John Paul II explains human sexuality as a "real symbol for the giving of the whole person," and namely, "without every temporal or other limitation." He thus formulates very clearly in article 84 that remarried divorcés must refrain from sex if they want to go to communion. A change in the practice of the administration of the sacraments would therefore be no "further development of Familiaris consortio," as Cardinal Kasper said, but rather a breach in her essential anthropological and theological teaching on marriage and human sexuality. The Church has no authority, without prior conversion, to approve disordered sexual relationships through the administration of the sacraments, thereby anticipating God's mercy - regardless of how these situations are to be judged on a human and moral level. The door here – as with the ordination of women to the priesthood – is closed.
Couldn't someone object that the anthropological and theological reflections you mentioned are indeed correct – that God's mercy is not, however, bound to such limits, but it is linked to the concrete situation of the individual person?
God's mercy concerns the heart of the Christian faith in the Incarnation and Redemption. Of course, God has each individual person in his or her own situation in view. He knows each person better than they know themselves. The Christian life, however, is not a pedagogical event in which marriage is aimed for as an ideal, as Amoris laetitia appears to suggest in many places. The whole realm of relationships, especially sexual relationships, concerns the dignity of the human person, his or her personhood and freedom. It has to do with the body as a "Temple of God" (1 Cor 6:19). Every violation to this realm, even if it were to occur often, is, therefore, also a violation of one's relationship to God - to which Christians know they are called – a sin against God's holiness, and always in need purification and conversion.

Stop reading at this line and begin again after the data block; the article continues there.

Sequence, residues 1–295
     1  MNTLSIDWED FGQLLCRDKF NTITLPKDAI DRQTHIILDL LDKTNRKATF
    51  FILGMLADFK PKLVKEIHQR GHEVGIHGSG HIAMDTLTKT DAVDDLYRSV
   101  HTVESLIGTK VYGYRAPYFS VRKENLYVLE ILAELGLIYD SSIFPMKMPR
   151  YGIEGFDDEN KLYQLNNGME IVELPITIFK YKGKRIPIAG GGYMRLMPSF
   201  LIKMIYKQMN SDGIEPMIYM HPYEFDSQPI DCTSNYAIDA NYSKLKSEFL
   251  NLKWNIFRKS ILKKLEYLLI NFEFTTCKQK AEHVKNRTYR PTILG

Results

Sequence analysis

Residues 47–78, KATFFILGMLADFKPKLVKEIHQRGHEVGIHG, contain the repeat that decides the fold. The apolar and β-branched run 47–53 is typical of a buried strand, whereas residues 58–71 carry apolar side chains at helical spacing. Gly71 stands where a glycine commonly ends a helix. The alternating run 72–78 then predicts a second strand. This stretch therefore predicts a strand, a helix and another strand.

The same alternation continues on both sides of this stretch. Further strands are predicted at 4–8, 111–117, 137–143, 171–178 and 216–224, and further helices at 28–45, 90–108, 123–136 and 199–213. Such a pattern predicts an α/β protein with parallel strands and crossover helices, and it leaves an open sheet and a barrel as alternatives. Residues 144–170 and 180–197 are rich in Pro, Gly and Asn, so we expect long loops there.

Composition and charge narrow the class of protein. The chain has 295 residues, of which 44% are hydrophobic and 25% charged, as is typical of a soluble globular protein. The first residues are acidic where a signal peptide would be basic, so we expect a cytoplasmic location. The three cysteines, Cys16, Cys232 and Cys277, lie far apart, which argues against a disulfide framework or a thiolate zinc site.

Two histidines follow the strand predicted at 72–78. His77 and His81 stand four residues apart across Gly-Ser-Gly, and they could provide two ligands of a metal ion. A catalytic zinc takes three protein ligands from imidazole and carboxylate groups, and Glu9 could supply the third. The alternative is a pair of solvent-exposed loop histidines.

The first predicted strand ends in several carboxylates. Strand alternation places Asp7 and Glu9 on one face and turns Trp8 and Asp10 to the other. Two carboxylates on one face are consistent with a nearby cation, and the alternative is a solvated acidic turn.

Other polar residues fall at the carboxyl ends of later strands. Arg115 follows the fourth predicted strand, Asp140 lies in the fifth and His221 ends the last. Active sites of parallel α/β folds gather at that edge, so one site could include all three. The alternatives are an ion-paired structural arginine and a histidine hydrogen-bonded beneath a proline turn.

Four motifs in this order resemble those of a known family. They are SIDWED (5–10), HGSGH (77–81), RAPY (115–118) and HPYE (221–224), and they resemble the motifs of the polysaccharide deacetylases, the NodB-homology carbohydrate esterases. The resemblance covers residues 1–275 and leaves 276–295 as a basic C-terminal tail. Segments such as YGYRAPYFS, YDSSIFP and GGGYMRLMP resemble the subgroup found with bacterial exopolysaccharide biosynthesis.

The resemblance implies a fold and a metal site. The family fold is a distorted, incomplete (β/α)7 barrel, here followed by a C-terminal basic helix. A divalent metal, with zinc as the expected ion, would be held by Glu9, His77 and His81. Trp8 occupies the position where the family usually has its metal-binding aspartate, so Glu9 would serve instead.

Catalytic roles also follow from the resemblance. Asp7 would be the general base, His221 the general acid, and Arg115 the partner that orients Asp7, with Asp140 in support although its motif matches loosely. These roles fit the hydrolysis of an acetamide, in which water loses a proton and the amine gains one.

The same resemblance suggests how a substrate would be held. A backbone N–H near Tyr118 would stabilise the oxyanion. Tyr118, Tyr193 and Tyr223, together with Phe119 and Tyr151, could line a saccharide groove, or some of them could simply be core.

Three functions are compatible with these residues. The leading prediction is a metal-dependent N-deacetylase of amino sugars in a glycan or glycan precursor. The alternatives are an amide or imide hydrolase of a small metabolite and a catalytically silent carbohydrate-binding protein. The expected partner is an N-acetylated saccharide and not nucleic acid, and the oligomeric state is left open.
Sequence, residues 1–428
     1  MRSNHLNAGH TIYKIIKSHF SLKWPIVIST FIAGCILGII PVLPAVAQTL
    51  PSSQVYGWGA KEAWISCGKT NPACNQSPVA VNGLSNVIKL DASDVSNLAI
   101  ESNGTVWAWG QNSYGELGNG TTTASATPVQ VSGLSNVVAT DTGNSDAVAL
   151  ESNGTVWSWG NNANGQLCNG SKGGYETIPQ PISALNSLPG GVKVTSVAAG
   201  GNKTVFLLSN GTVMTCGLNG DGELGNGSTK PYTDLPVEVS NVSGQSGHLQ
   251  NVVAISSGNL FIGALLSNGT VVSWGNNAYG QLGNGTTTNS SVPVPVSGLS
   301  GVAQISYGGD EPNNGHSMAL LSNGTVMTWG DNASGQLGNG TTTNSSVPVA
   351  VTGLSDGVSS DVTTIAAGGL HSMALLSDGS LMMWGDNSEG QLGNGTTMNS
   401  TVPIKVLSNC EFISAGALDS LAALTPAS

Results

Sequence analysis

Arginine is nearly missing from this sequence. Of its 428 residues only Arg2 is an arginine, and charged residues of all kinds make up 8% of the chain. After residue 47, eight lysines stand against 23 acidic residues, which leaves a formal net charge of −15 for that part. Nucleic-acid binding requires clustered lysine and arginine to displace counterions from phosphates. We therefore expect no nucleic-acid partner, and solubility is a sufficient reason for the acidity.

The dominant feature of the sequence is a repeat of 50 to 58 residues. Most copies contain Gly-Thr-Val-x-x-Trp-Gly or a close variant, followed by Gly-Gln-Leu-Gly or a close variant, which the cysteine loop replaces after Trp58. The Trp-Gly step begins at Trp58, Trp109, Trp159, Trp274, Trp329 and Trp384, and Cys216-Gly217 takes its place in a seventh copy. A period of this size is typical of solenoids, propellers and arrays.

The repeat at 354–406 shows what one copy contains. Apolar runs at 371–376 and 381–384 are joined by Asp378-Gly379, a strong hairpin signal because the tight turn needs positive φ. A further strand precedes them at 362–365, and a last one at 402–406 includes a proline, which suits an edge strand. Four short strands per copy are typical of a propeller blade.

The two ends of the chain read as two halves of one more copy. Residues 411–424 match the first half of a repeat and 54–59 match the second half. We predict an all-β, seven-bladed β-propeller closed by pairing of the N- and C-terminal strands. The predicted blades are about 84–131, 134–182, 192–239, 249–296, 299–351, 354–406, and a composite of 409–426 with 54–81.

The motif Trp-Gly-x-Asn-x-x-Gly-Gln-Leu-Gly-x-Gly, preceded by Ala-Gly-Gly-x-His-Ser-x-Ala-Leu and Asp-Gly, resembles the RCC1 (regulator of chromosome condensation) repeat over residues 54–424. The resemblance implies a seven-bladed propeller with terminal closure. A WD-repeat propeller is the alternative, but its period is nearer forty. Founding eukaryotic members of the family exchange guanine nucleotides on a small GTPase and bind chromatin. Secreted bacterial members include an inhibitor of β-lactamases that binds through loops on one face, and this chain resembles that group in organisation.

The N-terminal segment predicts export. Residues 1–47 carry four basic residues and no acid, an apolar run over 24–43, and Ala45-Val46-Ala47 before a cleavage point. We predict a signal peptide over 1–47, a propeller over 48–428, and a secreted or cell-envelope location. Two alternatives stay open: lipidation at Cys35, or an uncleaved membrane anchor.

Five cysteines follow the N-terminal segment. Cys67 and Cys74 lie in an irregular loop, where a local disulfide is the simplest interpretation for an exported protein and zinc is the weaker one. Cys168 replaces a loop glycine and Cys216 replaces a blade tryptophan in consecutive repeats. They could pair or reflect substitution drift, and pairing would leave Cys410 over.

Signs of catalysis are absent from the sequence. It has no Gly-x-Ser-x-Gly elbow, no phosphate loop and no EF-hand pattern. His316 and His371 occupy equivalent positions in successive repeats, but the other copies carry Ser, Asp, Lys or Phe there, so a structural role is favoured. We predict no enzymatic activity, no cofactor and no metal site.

God's mercy consists in always allowing this conversion anew. Of course, it is not bound to definite limits, but the Church on her part requires a proclamation of conversion and does not have the authority to overstep established boundaries by administering the sacraments, and to abuse God's mercy. That would be imprudent. Therefore clergy, who comply with the existing order, judge no-one; rather, they take into consideration and announce these boundaries of God's holiness – a salvific promulgation. I don't want to comment any further to insinuate that they would "hide behind the Church's teachings" and "sit on the chair of Moses" so as to throw "stones … at people's lives" (AL, 305). It may be noted that the respective verses in the Gospel are alluded to mistakenly. Jesus indeed says that the Pharisees and scribes sit on the chair of Moses, but he expressly emphasizes that the disciples should adhere to what they say. They should not, however, live like them (Matt 23:2).
Pope Francis has stressed that we should not focus on only single sentences of his teachings; rather the whole should be kept in mind.
Concentrating on the stated passages is fully justified in my eyes. It cannot be expected in a papal exhortation that people will rejoice in a pleasant text and ignore decisive sentences, which change the teachings of the Church. There is actually only a clear yes or no decision: to give Communion or not. There is no intermediary between them.
The Holy Father emphasizes in his exhortation that nobody may be allowed to be condemned forever.
I find it difficult to understand, what he means there. That the Church is not allowed to condemn anyone personally – of course not forever, what she cannot do, thank God – is clear. When it concerns sexual relationships which objectively contradict the Christian way of life, I would like to know from the Pope, after what time and under which circumstances is objectively sinful conduct changed into conduct pleasing to God.
Is it, in your perspective, actually an issue of a breach with the teaching tradition of the Church?
That it is an issue of a breach emerges doubtlessly for every thinking person, who knows the respective texts.